EDIT: Due to the original YouTube video being removed that this post was originally based off of, this post may be a bit confusing. I will attempt to get the music object notated and added to this post to make it easier to follow.
Yes, I said it: Pac-Man! Not a game one would study much for music, since there is so little to be found in the game, but if you stop to look, you never know what you may find. Below you find the introduction music from Pac-Man (at 0:20), which I am calling the “Game Start” object.
What I found was the interesting chords heard in the “Game Start” object.
Looking at the whole object, Roman numerals would make it I-bII-I-V7-I in B Major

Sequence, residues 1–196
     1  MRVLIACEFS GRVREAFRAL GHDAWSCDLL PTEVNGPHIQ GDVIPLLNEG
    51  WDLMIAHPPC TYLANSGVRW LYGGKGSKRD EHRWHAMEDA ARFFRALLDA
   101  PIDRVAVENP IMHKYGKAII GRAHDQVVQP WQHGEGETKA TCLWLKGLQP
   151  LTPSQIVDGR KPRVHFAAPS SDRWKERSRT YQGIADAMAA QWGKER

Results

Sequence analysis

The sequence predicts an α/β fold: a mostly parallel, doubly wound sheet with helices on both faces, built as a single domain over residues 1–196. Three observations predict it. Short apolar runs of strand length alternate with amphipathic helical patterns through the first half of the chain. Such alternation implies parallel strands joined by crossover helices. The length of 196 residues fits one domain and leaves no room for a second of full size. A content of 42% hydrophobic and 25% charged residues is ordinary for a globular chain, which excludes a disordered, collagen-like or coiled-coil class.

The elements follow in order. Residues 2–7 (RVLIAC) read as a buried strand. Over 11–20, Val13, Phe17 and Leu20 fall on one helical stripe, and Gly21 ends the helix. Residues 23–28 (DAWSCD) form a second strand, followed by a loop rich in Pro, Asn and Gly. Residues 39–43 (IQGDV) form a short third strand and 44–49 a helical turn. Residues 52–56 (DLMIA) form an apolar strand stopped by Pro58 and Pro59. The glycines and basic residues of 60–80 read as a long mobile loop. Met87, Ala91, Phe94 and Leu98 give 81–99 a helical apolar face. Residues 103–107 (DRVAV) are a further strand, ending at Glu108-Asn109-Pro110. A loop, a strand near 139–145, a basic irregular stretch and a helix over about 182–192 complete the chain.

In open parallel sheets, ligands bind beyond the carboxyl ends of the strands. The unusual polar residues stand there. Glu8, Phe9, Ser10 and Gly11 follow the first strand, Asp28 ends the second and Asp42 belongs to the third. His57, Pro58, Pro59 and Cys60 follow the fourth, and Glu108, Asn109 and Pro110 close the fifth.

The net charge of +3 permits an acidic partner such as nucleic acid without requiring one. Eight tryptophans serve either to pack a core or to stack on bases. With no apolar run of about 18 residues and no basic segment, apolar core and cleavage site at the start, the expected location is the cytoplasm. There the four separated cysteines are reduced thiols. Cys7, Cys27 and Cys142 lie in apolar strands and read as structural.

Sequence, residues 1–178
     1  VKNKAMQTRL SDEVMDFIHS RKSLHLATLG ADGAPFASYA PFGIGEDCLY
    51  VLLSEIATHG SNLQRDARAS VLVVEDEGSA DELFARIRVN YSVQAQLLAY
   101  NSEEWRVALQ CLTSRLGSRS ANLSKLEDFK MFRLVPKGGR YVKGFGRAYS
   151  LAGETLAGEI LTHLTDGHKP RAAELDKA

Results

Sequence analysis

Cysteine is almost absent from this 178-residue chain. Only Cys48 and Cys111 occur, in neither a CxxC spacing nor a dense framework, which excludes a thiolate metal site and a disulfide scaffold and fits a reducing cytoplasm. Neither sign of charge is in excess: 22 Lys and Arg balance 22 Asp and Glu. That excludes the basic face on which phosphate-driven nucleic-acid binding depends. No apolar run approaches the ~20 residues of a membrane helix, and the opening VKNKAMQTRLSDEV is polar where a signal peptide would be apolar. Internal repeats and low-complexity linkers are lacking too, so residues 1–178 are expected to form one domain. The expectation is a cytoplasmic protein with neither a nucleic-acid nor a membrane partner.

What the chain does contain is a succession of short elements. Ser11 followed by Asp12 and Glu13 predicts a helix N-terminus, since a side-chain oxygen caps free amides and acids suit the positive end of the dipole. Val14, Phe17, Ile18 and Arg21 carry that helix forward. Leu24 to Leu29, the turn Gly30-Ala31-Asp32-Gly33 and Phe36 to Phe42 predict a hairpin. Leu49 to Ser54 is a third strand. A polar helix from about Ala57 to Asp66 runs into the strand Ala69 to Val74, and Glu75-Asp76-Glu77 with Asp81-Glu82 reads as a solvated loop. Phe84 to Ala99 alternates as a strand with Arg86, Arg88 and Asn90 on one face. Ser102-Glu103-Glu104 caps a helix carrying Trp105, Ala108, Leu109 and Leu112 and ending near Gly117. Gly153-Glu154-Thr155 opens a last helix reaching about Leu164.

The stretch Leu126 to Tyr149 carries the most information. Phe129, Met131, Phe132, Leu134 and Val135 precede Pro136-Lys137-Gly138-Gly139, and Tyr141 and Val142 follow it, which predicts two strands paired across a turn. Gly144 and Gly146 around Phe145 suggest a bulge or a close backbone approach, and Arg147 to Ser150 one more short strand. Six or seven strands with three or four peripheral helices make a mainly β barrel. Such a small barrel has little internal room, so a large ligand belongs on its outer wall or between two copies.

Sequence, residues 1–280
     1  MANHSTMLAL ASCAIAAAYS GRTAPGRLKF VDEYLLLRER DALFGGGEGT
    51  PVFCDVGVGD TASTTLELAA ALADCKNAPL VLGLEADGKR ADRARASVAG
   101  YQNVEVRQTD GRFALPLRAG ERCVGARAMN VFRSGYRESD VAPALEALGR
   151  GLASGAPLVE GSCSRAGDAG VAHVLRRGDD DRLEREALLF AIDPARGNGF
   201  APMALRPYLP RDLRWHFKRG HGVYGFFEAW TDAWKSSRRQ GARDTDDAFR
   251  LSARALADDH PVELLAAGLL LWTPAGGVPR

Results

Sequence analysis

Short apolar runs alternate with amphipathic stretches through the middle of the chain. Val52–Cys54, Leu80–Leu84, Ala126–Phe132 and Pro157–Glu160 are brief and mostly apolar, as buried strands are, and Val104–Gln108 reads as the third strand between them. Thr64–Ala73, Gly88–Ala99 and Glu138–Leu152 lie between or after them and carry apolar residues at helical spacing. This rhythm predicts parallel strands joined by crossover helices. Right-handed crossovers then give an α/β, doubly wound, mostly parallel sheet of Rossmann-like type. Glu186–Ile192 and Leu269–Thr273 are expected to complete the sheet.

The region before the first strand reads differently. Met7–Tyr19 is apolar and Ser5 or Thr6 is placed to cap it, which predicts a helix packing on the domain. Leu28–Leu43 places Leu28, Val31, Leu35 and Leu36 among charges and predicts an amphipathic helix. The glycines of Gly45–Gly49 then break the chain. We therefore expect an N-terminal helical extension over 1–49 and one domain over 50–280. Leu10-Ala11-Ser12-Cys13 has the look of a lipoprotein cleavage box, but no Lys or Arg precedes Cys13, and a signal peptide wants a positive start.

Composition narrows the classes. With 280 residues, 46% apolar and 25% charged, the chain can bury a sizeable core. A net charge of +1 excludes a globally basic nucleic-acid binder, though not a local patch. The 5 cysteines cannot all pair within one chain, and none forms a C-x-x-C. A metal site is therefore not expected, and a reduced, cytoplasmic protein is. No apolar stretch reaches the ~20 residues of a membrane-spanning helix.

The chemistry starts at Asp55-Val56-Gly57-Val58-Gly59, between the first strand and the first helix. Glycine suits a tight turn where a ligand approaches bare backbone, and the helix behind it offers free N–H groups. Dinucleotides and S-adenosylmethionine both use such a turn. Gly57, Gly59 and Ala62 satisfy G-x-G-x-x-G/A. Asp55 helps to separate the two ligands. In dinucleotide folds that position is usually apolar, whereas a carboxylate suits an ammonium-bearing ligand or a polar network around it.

Now there is a bit of logic to this if we dig deep enough (or I could just be making it all up).
In this case, the bII functions a bit like a dominant. We can hear the E pulling down to the D# (E being the only diatonic pitch in this bII chord). This allows us to establish B as our tonic pitch before hearing the implied V7 chord in measure 2.
On beat three of measure 2, we get ever so briefly an E over an F#, implying a V7, which re-enforces this idea that E is serving a tonally defining feature until the A# is heard at the very end of this object in the ascending passing motion between V7 and I.
So little music, but so much to uncover. While I am primarily interested in analysis, a music historian might be interested in tracking the influence of such tonal devices through music of the 8-bit era.